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Parks, Forests & Public Lands

Conservation politics: 'Triple A' Anderson and the Yellowstone Forest Reserve

Wealthy artist, hunter and conservationist A.A. Anderson was named superintendent of the new Yellowstone Forest Reserve in 1902. His love for wildlife habitat clashed with local timber and grazing interests, however, and, after much controversy, he lost his job. Wyoming and the nation might have benefitted if he’d found a way to bridge that gap.

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Encyclopedia | Aven Nelson, one of the University of Wyoming’s original faculty, became a world famous botanist. He founded the Rocky Mountain Herbarium on campus, which contains 1.3 million plant specimens from throughout the world. From 1917-1922, he served as university president, but was happy to return to botany when he got the chance.
Encyclopedia | Mountaineer Finis Mitchell shared his love of the Wind River Range through postcards, public talks and a famed, hip-pocket hiking guide. He ran a fishing camp, worked on the railroad, stocked mountain lakes with fingerling trout and served in the Wyoming House of Representatives. Mitchell Peak was named in his honor.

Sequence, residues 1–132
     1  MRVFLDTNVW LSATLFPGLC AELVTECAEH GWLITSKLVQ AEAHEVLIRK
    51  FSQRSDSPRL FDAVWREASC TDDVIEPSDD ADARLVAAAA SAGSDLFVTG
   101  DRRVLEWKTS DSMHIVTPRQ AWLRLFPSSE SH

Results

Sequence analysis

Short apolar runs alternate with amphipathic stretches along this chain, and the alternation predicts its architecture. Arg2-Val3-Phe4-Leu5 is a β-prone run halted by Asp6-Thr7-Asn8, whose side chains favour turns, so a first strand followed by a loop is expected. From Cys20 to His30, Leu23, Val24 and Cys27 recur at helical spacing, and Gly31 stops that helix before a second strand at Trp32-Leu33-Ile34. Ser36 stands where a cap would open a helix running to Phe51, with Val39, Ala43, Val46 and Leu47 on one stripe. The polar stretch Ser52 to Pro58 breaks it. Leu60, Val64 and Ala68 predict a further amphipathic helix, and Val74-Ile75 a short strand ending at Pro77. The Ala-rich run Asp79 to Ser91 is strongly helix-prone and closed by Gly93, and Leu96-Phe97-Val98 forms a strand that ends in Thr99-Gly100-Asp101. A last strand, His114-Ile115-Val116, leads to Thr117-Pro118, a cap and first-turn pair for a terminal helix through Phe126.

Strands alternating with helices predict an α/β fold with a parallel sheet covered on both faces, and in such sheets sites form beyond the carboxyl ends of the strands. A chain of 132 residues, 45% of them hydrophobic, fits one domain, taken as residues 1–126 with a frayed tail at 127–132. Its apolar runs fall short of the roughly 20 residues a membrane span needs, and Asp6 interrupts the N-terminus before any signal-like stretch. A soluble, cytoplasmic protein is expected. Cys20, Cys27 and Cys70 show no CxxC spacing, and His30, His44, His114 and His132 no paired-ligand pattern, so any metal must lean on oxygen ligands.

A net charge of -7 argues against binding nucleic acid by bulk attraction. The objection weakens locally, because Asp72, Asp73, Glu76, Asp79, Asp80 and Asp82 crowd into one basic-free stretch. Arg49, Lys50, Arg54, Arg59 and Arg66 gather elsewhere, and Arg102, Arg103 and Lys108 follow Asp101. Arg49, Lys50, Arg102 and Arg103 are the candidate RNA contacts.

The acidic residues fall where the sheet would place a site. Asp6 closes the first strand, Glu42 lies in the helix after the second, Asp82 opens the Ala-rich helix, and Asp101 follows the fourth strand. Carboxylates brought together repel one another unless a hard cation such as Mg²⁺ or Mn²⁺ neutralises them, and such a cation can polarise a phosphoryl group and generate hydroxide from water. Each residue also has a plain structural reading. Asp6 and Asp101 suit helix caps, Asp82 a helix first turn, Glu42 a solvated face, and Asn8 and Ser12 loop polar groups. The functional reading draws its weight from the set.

Encyclopedia | Recent, surprising discoveries including a prehistoric village in the Wind River Range above Dubois, Wyo., suggest humans—most likely ancestors of today’s Shoshone people—lived high-mountain lives as long as 10,000 years ago. 
Encyclopedia | The 1880s cattle boom seemed to promise a rich future for Alexander Swan, who amassed 4.5 million acres in southeastern Wyoming to graze 100,000 head. His extravagant tenure ended quickly—but the ranch lasted generations.
Encyclopedia | Wealthy artist, hunter and conservationist A.A. Anderson was named superintendent of the new Yellowstone Forest Reserve in 1902. His love for wildlife habitat clashed with local timber and grazing interests, however, and, after much controversy, he lost his job. Wyoming and the nation might have benefitted if he’d found a way to bridge that gap.
Encyclopedia | No logging, no grazing—even no trespassing? The Yellowstone Timber Land Reserve, the first land to be set aside in what evolved into today’s National Forest system, had a distinctly different character from its successors. Here’s why.
Encyclopedia | In July 1862, a large train of 80 wagons was passing through mountains in what’s now western Wyoming when, within a matter of days, serious troubles led to the deaths of two women and their infants. Elizabeth Paul’s grave remains at the site under a tall pine.
Encyclopedia | When Jackson Hole News co-owner Virginia Huidekoper learned in June 1971 that Bill Briggs had just skied down the Grand Teton—first person ever to do it—she fired up her Cessna and flew a reporter and photographer over the mountain for an unforgettable, front-page photo of the tracks.

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